Summer life in “Jimtown,” as regular visitors affectionately called the windswept rocky island, was completely different than in prim and ostentatiously wealthy summer colonies like Newport and Narragansett Pier. The cottages, built in the local shingle style, were fairly primitive and furnished with lightweight wicker furniture. Entertainment was equally unpretentious and consisted mainly of simple pleasures like walking, paddling in the sea, picnics, and looking for shells. As one visitor described it:

All guests were given free use of the resources of the house, rocks and harbor, and were expected to do exactly as they liked. Some sat inside playing the piano, some sat outside playing the guitar or banjo, some sat in rocking chairs, some on the grass . . . Some played tennis or quoits, some rowed, and a fine party of young folks went swimming off the pier, diving or jumping off its rail. And whatever we did, we sang in doing it.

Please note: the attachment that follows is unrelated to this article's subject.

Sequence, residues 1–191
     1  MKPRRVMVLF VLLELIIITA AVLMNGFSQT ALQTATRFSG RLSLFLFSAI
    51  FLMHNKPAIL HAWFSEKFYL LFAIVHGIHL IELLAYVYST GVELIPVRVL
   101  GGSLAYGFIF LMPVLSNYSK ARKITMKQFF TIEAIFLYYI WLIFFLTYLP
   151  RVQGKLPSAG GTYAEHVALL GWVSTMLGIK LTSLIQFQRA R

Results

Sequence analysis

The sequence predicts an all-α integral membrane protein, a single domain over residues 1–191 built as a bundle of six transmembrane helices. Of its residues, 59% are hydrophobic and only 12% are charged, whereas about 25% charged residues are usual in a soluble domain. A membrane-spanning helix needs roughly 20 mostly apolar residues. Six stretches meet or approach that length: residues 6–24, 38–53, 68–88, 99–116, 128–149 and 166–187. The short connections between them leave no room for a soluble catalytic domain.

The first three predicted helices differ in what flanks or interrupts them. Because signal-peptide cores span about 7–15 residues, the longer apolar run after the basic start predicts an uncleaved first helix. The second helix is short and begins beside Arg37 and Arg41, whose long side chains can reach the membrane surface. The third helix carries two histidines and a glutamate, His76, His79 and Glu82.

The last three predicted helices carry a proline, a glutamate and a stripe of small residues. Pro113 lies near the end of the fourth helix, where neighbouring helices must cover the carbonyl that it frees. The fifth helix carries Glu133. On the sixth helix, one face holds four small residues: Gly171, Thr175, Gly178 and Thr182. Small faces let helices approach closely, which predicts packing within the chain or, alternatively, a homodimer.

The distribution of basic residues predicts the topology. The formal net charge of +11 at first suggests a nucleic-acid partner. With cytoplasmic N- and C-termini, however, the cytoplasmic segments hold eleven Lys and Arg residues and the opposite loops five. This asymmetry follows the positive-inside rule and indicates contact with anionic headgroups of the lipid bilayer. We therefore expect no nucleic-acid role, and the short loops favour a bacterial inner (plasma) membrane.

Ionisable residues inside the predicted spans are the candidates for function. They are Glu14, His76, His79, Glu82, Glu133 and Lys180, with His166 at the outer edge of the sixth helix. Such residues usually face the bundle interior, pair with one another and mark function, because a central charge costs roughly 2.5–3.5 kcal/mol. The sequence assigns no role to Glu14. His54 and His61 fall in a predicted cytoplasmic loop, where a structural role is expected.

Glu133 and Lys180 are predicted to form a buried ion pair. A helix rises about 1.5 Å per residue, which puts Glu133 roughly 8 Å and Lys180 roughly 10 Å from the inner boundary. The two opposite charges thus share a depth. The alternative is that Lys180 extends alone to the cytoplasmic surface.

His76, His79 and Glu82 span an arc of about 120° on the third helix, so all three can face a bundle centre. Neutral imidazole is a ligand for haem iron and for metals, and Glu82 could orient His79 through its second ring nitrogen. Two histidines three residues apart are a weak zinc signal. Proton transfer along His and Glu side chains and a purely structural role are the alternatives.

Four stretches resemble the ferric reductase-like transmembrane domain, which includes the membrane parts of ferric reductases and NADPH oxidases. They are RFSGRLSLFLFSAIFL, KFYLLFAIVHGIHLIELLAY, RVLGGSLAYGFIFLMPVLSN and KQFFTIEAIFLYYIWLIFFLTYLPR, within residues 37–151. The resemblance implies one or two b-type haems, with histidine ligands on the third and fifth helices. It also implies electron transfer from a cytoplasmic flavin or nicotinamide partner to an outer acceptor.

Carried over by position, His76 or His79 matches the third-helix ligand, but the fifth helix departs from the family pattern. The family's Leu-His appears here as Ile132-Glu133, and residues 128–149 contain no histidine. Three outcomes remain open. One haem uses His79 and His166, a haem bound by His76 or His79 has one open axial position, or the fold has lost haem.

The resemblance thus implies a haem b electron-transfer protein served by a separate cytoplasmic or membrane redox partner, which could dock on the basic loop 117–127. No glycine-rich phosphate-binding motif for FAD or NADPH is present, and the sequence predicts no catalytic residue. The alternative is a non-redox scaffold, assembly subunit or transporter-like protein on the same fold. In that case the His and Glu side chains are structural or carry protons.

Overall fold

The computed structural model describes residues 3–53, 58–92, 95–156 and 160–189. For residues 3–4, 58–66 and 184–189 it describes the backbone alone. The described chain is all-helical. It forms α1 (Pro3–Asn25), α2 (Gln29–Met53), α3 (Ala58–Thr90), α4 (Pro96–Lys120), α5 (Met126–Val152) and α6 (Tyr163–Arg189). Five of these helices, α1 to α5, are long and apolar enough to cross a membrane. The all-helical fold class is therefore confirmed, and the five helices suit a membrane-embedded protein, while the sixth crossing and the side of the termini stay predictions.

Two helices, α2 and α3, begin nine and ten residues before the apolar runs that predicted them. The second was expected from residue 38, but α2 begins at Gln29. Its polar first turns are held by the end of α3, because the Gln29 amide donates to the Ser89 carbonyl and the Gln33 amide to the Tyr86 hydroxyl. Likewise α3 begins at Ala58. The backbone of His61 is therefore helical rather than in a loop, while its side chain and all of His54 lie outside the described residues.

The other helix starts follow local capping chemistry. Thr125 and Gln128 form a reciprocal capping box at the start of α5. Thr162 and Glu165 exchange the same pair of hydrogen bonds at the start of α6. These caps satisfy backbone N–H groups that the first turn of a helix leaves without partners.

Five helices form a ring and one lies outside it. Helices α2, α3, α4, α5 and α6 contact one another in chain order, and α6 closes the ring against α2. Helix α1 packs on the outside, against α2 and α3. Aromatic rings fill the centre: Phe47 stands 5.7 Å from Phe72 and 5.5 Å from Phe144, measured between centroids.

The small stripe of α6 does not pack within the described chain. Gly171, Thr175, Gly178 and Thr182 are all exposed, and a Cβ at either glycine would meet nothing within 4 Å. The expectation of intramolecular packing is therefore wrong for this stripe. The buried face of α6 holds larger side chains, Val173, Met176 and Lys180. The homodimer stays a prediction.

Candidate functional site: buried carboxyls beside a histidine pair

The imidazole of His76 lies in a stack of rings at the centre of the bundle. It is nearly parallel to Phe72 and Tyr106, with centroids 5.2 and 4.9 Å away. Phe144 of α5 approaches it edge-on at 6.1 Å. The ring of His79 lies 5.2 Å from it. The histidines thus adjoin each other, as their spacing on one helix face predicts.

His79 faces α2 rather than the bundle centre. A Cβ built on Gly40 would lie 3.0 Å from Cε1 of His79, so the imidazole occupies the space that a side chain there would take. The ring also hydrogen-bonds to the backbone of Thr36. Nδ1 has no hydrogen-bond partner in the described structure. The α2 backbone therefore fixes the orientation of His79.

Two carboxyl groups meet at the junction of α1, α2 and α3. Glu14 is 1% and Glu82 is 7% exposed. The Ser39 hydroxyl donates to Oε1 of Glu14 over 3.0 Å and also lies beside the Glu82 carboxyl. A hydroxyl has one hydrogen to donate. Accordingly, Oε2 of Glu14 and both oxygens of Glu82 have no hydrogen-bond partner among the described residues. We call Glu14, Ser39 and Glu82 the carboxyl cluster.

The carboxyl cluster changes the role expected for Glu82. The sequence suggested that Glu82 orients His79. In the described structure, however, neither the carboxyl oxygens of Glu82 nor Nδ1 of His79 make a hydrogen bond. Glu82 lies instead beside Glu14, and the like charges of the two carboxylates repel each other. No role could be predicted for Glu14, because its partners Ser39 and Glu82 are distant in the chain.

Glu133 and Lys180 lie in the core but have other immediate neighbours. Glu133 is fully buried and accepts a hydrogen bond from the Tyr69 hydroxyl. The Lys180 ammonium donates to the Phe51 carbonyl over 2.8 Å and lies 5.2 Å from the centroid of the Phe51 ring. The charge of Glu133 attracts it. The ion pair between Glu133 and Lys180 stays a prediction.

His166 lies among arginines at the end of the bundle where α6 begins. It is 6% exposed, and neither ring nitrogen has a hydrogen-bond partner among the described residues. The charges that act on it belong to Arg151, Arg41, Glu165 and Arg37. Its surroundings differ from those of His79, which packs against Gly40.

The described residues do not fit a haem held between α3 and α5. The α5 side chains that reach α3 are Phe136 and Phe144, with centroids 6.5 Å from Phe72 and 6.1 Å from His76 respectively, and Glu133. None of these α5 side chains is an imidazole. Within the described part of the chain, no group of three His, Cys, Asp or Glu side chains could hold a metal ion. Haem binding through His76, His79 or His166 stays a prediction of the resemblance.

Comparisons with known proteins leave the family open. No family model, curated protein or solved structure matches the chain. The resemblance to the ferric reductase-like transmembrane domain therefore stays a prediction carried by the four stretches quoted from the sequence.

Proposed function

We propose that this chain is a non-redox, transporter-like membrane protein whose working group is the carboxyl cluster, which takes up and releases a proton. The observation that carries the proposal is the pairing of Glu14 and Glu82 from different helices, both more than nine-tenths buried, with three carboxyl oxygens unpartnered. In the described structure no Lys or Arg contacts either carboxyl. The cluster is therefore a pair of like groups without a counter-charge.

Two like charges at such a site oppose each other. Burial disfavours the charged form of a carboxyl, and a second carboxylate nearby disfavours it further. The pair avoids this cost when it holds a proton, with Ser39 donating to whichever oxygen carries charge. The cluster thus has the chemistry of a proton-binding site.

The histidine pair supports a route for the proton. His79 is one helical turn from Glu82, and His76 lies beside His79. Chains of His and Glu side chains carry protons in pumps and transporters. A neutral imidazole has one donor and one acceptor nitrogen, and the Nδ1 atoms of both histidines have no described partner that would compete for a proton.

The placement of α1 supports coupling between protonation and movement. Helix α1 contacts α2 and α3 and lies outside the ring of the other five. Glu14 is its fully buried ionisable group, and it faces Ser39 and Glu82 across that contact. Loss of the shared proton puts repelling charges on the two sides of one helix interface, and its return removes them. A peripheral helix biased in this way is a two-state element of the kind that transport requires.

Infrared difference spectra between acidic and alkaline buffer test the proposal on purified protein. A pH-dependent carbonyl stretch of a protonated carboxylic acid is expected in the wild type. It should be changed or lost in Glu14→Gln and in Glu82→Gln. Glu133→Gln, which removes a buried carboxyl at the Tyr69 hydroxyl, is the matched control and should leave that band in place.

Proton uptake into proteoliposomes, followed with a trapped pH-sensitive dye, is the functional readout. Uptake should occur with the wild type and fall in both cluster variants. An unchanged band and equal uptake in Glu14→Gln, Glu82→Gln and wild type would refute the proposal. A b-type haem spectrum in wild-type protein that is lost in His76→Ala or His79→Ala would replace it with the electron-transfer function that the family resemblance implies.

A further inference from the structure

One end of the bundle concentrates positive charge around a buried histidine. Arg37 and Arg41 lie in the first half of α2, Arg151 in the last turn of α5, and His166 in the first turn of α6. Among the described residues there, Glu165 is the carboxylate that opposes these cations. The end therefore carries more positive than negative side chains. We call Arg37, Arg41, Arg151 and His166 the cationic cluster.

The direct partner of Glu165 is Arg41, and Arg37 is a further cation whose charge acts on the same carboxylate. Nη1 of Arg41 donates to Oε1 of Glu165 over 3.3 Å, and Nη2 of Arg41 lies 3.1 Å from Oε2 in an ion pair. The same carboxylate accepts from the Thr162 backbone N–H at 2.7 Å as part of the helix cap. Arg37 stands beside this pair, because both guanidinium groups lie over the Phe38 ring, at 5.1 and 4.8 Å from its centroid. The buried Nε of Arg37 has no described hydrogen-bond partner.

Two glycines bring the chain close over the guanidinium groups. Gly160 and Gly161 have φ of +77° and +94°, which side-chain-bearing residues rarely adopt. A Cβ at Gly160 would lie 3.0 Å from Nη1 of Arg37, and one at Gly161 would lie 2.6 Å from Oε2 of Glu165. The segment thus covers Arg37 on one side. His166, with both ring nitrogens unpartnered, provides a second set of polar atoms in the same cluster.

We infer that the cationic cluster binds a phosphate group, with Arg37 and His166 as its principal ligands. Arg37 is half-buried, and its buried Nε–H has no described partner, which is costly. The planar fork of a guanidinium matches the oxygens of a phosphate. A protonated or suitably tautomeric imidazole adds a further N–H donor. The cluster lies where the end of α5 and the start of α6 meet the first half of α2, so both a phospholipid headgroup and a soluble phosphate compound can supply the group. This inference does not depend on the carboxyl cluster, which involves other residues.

While Allene enjoyed the relaxed atmosphere, Tod spent most of his time “Grand Yachting,” a favorite sport of the Gilded Age millionaires. The spacious, deep, and sheltered bay off Rhode Island was exceptionally well suited to their very expensive steam sailing yachts equipped with all the creature comforts. America’s wealth had increased spectacularly, and in the summer the bay turned white with sails.